This haunting postmodern fable follows a group of birds in a vast open plain confronted with a fallen aircraft, its lost pilot and an inscrutable young boy encountering the world on his own for the first time.
Big Questions is the culmination of ten years and more than six hundred pages of work that details the metaphysical quandaries of the occupants of an endless plain, existing somewhere between a dream and a Russian steppe. A downed plane is thought to be a bird and the unexploded bomb that came from it is mistaken for a giant egg by the group of birds whose lives the story follows. The indifferent, stranded pilot is of great interest to the birds―some doggedly seek his approval, while others do quite the opposite, leading to tensions in the group. Nilsen seamlessly moves from humor to heartbreak. His distinctive, detailed line work is paired with plentiful white space and large, often frameless panels, conveying an ineffable sense of vulnerability and openness.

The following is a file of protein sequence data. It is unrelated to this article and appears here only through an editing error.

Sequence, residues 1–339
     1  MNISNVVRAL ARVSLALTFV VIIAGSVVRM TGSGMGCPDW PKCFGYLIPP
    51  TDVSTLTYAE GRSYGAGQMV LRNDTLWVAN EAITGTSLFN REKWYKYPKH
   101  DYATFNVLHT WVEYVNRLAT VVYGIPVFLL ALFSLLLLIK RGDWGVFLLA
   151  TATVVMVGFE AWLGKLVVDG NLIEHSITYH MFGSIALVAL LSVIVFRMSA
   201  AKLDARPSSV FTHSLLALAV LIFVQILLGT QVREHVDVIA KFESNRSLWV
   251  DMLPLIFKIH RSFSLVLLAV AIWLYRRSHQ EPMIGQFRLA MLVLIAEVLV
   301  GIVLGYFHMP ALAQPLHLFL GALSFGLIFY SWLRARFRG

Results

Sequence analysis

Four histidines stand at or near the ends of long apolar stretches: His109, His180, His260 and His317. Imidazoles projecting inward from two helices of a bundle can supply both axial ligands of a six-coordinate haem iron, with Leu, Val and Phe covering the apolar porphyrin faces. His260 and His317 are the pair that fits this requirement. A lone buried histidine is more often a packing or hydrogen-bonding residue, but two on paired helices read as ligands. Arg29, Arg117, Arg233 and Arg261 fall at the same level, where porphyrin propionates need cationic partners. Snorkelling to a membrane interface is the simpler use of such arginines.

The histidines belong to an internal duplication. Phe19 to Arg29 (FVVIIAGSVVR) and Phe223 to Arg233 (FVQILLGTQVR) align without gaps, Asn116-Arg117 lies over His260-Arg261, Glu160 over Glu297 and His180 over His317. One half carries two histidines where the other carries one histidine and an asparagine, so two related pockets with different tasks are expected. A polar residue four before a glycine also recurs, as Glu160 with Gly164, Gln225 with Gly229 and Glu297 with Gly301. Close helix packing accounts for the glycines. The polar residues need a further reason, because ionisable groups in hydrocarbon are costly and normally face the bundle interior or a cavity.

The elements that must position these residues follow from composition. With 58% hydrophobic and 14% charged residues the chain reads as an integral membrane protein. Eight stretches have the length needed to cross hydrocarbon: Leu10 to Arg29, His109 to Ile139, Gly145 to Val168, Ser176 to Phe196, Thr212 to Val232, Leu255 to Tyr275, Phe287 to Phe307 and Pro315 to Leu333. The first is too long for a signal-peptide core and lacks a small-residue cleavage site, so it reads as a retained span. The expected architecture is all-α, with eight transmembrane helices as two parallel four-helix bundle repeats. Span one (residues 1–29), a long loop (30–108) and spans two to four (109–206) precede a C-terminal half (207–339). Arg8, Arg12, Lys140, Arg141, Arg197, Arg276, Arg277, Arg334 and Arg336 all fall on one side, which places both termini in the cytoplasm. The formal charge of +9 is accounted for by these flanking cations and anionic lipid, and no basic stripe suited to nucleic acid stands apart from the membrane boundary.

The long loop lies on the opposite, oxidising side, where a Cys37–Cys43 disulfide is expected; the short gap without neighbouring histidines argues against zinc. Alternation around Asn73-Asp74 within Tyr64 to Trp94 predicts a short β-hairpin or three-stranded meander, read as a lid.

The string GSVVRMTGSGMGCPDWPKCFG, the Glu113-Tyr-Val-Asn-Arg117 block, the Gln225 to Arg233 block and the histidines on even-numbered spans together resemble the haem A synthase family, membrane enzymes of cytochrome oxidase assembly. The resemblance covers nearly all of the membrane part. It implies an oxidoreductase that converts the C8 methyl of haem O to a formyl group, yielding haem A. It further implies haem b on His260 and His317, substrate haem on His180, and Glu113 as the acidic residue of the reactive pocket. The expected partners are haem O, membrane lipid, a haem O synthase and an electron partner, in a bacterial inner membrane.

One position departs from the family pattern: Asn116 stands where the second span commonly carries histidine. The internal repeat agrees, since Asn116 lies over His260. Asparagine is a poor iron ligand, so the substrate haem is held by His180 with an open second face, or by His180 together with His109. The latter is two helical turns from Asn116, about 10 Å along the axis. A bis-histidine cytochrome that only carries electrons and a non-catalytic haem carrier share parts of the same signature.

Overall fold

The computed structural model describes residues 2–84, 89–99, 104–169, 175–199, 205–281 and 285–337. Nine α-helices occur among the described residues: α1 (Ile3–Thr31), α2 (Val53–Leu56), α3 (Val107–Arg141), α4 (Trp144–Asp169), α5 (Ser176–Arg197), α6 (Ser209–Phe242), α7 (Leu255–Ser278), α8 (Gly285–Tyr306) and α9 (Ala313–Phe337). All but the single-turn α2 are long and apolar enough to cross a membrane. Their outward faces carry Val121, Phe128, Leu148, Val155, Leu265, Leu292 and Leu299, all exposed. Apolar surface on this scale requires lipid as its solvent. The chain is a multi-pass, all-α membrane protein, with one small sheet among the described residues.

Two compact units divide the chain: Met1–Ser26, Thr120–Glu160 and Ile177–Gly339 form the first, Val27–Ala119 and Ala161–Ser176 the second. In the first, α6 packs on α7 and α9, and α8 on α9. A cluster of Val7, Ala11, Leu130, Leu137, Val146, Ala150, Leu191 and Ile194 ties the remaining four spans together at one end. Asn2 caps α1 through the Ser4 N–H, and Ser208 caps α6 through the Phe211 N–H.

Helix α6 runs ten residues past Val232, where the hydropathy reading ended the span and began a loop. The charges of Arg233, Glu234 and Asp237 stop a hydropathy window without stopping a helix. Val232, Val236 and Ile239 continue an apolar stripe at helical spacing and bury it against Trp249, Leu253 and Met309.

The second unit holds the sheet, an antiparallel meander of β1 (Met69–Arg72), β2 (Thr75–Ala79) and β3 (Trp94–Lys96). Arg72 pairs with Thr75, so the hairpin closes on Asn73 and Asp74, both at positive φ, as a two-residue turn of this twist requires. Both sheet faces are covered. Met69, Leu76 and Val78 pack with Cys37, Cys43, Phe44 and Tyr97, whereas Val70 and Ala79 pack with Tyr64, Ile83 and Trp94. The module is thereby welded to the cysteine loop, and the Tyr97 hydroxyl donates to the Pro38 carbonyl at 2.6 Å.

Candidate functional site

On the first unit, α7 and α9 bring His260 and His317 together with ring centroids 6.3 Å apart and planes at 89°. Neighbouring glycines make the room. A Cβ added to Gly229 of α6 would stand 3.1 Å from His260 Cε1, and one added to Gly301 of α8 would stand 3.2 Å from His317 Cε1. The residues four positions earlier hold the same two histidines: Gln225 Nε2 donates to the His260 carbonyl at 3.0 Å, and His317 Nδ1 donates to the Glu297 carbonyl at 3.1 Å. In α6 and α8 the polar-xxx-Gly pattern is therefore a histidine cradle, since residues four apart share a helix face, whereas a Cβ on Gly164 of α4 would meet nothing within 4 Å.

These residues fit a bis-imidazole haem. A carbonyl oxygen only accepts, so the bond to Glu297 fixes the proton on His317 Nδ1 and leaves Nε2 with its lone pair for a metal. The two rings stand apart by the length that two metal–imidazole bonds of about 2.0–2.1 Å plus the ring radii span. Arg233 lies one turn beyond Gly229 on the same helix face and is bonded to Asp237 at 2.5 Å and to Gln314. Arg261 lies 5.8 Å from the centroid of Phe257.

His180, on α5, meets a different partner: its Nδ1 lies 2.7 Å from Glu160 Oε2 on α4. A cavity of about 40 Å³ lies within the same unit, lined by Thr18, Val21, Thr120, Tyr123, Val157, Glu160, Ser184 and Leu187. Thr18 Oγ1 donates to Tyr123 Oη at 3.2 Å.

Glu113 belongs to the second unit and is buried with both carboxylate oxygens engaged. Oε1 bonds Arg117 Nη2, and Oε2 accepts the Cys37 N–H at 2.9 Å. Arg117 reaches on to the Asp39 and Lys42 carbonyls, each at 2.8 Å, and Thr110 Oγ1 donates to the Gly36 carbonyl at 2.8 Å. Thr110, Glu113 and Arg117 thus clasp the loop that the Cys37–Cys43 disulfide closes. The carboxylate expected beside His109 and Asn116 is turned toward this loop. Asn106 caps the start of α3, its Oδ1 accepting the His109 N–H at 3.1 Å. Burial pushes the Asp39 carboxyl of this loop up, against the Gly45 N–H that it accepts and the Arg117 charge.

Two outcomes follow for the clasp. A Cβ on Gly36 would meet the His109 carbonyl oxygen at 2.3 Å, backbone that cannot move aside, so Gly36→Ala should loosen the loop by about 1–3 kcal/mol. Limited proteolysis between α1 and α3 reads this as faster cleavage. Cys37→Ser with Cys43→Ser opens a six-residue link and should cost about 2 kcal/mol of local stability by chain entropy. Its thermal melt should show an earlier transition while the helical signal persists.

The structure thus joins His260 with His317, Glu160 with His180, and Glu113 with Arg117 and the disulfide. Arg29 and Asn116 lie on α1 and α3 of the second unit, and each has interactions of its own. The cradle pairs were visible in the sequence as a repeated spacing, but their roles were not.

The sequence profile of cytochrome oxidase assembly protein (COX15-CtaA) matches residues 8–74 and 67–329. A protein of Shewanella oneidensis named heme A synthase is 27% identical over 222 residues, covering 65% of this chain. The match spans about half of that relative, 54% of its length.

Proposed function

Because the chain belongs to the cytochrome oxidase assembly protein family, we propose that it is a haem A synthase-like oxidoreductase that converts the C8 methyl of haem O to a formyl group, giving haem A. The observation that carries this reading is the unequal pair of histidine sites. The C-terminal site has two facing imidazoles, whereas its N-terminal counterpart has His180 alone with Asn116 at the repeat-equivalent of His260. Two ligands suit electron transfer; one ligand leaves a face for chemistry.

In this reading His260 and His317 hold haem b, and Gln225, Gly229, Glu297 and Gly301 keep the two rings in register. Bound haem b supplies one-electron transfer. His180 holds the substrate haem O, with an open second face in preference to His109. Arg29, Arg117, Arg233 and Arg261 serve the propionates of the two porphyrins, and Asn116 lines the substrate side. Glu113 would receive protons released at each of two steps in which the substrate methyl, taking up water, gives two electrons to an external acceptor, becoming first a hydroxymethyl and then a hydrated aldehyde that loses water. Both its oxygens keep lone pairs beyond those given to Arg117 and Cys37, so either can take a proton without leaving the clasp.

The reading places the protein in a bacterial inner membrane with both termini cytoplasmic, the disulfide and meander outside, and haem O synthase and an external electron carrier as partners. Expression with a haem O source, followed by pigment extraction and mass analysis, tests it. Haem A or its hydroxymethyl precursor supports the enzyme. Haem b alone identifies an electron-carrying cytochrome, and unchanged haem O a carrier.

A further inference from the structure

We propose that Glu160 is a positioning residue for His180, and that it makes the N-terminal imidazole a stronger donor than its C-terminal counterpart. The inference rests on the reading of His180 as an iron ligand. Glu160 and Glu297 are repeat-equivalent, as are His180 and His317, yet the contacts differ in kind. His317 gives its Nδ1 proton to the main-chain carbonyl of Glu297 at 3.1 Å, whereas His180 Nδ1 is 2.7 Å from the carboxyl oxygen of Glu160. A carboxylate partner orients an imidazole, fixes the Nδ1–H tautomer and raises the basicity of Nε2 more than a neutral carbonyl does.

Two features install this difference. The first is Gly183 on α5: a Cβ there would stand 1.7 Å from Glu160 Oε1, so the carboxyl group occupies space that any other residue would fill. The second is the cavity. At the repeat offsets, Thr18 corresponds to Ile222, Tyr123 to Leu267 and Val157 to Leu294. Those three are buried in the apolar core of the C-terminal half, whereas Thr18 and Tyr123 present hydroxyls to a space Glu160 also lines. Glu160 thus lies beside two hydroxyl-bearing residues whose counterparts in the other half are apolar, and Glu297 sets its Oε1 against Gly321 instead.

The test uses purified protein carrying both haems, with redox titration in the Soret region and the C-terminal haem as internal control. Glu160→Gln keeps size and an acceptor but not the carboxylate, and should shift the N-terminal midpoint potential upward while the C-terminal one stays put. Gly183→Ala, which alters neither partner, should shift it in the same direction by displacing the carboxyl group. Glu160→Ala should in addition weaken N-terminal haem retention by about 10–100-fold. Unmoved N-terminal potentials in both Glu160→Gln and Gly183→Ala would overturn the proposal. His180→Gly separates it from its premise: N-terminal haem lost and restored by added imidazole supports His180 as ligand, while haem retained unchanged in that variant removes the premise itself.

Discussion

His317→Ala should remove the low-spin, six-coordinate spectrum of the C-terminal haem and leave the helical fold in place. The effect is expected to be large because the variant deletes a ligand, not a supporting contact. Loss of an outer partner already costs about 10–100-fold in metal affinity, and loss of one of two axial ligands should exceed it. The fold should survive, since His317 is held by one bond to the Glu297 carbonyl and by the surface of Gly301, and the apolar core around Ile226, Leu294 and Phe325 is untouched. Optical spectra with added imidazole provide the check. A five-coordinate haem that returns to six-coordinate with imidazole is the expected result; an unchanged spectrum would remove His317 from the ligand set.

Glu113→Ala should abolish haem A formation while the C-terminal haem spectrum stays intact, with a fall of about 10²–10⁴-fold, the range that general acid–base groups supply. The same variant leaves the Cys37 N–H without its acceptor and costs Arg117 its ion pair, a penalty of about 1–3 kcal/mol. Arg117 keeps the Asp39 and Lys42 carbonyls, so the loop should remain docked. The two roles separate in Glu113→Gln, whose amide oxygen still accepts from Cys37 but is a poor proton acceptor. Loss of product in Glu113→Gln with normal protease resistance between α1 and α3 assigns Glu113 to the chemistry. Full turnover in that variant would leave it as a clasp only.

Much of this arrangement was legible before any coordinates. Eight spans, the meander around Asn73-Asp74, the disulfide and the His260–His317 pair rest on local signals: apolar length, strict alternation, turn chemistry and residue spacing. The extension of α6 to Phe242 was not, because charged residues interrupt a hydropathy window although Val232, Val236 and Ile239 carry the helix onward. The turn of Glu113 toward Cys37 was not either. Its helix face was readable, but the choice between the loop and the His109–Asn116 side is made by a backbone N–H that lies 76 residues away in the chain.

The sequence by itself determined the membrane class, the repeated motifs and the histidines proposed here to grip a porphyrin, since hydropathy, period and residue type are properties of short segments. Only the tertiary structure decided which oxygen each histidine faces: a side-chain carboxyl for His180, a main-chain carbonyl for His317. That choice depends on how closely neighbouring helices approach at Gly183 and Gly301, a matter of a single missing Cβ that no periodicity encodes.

Big Questions roots in classic fables―the birds and snakes have more to say than their human counterparts, and there are hints of the hero's journey, but here the easy moral that closes most fables is left open and ambiguous. Rather than lending its world meaning, Nilsen's parable lets the questions wander where they will.
Published by Drawn & Quarterly in 2011.